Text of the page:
Jan. 1, 2005
Weakness Is Provocative

“It seems that that’s a lesson that needs to be relearned from generation to generation—the lesson that weakness can be provocative, that it can entice others into adventures they otherwise would have avoided, that a refusal to confront gathering dangers can increase rather than reduce future peril.”—Secretary of Defense Donald H. Rumsfeld, annual meeting of the Association of the US Army, Oct. 27.

Bin Laden’s Boast

“All that we have to do is to send two mujaheddin to the farthest point east to raise a piece of cloth on which is written ‘al Qaeda’ in order to make the generals race there, to cause America to suffer human, economic, and political losses, without their achieving for it anything of note other than some benefits for their private companies.”—Osama bin Laden on videotape telecast by al Jazeera, Oct. 29, quoted by Washington Post, Nov. 2.

Lehman Sums Up Mitchell

“Much of what he said came to pass, and, as a result, his reputation grew. The realities of Blitzkrieg, Pearl Harbor, and the destruction of entire cities with bombs dropped from aircraft cemented his reputation as a true visionary. … Most [of his theories] were validated, including the decisiveness of air superiority over the battlefield on land and sea and the value of close air support to ground forces. Others proved off the mark, like the inability of surface ships to survive air attack. Still others, like the value of strategic bombing of cities, remain controversial to this day.”—Former Secretary of the Navy John F. Lehman Jr., reviewing a new book on Billy Mitchell, Washington Post, Oct. 31.

Tuskegee Legacy

“The Buffalo Soldiers were with Teddy Roosevelt in the late 1800s, but their organization is still living. We’re trying to bring new people in, so as we die there will be someone to keep the Tuskegee Airmen going for the future.”—Hiram E. Little Sr., 85, on new members joining the Tuskegee Airmen, Associated Press, Nov. 7.

Just Asking

“If I knew, why would I tell you?”—Richard L. Armitage, deputy secretary of state, to reporter, from Saudi newspaper al Hayat, who asked when the offensive on Fallujah would begin, Washington Post, Oct. 27.

Missing Coverage

“If you are killed, you get the $250,000 service group life insurance. But if you are just wounded and lose a leg and your wife is spending six months or a year in Washington, traveling back and forth, and not able to work, … what do you do? … We need to try to come up with a proposal that would amend our insurance programs to provide some kind of catastrophic disabling injury type coverage.”—Department of Veterans Affairs Secretary Anthony J. Principi, Christian Science Monitor, Nov. 10.

American Revolution Unnecessary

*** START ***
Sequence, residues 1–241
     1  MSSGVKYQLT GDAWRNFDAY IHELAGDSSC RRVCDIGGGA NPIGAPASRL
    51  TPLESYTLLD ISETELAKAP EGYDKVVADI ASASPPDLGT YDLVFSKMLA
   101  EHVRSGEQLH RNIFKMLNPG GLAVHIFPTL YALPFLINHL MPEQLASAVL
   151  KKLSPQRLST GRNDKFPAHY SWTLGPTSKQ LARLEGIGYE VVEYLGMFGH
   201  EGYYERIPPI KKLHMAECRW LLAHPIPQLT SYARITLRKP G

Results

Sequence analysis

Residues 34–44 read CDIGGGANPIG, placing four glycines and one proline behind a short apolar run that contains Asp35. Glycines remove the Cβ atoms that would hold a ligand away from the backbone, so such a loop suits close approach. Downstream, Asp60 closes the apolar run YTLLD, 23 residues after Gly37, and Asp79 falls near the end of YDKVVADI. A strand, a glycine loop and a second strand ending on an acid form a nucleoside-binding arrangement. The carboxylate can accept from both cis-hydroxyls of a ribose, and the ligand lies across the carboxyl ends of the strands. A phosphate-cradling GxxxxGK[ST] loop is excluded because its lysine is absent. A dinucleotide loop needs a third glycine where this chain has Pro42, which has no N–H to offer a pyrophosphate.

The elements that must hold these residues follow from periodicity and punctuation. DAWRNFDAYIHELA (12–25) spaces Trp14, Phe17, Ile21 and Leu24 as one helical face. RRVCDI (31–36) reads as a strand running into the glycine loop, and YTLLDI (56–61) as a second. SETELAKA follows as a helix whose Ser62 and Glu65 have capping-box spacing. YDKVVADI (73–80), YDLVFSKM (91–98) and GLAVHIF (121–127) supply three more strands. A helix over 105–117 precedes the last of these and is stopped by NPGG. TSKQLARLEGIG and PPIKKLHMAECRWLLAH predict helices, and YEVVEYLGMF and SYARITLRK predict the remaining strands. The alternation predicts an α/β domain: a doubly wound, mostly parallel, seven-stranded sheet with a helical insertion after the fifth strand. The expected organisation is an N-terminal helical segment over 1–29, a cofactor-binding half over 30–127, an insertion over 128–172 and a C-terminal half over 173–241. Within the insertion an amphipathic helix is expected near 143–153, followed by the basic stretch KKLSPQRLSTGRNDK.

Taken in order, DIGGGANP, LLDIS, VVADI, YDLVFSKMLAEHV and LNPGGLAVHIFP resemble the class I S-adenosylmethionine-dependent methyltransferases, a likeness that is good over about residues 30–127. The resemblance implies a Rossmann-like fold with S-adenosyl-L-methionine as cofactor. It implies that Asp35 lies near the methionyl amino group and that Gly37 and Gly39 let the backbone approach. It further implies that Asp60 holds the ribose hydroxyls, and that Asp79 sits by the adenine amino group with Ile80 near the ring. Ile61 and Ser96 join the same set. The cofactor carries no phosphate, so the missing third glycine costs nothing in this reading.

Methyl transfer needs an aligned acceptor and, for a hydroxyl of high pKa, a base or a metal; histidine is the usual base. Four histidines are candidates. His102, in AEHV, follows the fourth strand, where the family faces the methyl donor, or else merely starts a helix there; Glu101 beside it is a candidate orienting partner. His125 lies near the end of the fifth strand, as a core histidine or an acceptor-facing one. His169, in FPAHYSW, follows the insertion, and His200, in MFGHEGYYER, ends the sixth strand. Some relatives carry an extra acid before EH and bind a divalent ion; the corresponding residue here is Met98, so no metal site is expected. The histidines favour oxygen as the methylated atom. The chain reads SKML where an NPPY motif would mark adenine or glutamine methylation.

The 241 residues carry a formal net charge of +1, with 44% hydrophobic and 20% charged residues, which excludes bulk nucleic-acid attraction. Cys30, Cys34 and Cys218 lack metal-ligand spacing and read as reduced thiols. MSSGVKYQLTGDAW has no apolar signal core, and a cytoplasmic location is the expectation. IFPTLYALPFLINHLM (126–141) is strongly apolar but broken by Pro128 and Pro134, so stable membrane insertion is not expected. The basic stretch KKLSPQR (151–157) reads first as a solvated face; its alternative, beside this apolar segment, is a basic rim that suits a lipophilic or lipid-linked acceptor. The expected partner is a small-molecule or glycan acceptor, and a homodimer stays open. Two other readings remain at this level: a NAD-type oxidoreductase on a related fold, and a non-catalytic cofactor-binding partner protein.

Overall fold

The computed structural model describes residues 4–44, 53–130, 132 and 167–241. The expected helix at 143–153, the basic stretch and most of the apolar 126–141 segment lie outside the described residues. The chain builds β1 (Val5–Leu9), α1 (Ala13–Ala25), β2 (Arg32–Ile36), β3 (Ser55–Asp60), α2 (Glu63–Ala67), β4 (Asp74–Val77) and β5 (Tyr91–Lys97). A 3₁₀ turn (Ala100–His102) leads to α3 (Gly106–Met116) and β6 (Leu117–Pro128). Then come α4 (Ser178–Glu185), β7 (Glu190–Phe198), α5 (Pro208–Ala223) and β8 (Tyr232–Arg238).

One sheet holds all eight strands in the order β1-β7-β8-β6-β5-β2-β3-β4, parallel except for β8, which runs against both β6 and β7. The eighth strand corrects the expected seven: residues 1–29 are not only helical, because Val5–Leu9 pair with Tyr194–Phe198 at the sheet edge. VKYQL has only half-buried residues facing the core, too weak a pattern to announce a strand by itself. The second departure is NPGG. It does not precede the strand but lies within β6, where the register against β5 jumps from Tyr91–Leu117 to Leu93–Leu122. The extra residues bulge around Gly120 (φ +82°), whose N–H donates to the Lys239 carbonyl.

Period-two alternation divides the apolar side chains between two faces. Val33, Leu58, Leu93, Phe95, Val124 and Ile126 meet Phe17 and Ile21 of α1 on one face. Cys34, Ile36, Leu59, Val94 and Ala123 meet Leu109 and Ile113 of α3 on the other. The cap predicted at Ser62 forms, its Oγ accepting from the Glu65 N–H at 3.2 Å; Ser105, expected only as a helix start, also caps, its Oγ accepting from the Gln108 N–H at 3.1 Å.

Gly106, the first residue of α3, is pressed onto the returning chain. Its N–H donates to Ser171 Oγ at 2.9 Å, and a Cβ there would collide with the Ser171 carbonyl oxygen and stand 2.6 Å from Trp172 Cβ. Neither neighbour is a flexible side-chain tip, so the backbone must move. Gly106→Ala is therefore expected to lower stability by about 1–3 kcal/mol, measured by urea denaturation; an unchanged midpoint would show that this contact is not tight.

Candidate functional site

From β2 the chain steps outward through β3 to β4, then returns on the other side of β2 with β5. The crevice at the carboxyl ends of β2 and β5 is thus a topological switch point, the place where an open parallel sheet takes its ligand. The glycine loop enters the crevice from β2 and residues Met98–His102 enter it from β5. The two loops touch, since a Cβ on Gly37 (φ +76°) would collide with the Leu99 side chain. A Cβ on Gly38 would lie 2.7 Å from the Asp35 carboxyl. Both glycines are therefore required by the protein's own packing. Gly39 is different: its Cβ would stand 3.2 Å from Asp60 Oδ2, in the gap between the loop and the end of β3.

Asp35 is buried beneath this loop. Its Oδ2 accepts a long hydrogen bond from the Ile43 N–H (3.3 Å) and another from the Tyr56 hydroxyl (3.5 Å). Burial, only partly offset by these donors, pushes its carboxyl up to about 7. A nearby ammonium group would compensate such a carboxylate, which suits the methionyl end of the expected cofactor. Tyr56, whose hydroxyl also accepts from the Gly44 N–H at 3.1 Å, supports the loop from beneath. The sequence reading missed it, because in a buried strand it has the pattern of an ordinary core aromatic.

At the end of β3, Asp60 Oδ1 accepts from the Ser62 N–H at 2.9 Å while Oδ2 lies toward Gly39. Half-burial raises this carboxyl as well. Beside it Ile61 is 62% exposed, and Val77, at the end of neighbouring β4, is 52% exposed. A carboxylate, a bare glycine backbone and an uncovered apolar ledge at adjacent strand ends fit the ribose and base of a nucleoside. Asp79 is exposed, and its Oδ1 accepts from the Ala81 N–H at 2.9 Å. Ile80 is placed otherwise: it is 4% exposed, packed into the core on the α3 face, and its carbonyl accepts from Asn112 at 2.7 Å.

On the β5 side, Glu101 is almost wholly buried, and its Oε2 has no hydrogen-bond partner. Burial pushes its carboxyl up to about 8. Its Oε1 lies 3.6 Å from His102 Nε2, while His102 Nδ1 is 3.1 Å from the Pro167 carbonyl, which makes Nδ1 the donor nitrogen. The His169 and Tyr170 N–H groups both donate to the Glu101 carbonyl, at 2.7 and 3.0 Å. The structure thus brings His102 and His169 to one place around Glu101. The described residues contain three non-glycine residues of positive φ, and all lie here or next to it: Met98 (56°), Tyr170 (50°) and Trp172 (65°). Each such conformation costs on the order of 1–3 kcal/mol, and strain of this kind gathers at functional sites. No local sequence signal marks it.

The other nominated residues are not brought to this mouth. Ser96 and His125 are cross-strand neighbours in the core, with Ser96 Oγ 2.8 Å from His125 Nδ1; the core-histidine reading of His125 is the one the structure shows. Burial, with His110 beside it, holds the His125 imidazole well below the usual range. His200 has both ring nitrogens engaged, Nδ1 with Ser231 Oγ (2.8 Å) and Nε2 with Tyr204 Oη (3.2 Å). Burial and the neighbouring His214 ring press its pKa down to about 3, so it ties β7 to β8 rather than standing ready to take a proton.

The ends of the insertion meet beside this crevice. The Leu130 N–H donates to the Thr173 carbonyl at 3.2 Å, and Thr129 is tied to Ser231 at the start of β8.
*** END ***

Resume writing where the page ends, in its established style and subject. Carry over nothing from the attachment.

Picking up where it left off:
“The Revolutionary War could have been avoided. It was an unnecessary war. Had the British Parliament been a little more sensitive to the colonials’ really legitimate complaints and requests, the war could have been avoided completely, and, of course, now we would have been a free country now, as is Canada and India and Australia, having gotten our independence in a nonviolent way.”—Former President Jimmy Carter, MSNBC’s “Hardball,” Oct. 18.

Le Big Difference

“We would never have won the [American Revolution] without the strong alliance with the French that Benjamin Franklin and others negotiated.”—Carter, Newsweek, Nov. 2.

Lethal Debris

“Europeans could accept the idea that several hundred Europeans would die from debris from a missile shot down over Europe and that this could save the lives of thousands, maybe tens of thousands, of Americans. But the decision to trigger such an event cannot be made only by people at Cheyenne Mountain. There needs to be a common decision-making policy here. The threat of lethal debris is one reason why acceptance of missile defense in Europe is a political issue, not mainly a technical issue.”—Dominique Klein, French Defense Ministry, Space News, Nov. 1.

No Surprise Here

“Into the Wild Blue Yesteryear.”—Headline, on yet another New York Times editorial attacking the F/A-22 Raptor and airpower modernization, Oct. 29.

Go for the Leaders

“In the war on terrorism globally, there’s not going to be a surrender on the battleship Missouri. You’re always going to have some element of terrorism, isolated incidents, attacks against our nation and other free nations. You can’t totally eliminate terrorism any more than you can totally eliminate crime. What you can do is dismember the leadership.”—Rep. Duncan Hunter (R-Calif.), chairman of the House Armed Services Committee, Defense News, Oct. 18.

The Enemy’s Culture

“Even today, knowledge of one’s enemy and his culture and society may be more important than knowledge of his order of battle.”—Transformation director Arthur K. Cebrowski, Inside the Pentagon, Oct. 28.

Rumsfeld in Bronze

“I modeled it on [Rumsfeld] when he was a young man. He was a member of my brother’s class [1950], and I knew him well.”—Bruce Everly, sculptor of a bronze statue of Rumsfeld at the high school where he graduated in Winnetka, Ill., Chicago Tribune, Nov. 14.